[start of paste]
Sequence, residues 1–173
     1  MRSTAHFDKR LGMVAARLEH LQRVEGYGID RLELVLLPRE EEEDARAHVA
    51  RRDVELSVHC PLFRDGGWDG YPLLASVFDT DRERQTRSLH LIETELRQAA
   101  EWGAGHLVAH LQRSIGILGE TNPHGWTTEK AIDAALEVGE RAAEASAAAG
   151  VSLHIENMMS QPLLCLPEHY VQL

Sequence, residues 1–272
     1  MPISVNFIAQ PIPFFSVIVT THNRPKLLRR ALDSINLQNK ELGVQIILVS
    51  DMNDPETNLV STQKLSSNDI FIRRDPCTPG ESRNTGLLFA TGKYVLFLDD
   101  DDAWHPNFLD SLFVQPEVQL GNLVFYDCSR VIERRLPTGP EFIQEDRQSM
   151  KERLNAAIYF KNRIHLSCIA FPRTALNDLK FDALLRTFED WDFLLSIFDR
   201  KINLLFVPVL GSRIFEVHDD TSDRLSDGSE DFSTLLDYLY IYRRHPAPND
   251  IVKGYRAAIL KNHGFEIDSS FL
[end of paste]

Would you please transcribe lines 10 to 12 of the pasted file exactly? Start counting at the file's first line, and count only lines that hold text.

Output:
   151  KERLNAAIYF KNRIHLSCIA FPRTALNDLK FDALLRTFED WDFLLSIFDR
   201  KINLLFVPVL GSRIFEVHDD TSDRLSDGSE DFSTLLDYLY IYRRHPAPND
   251  IVKGYRAAIL KNHGFEIDSS FL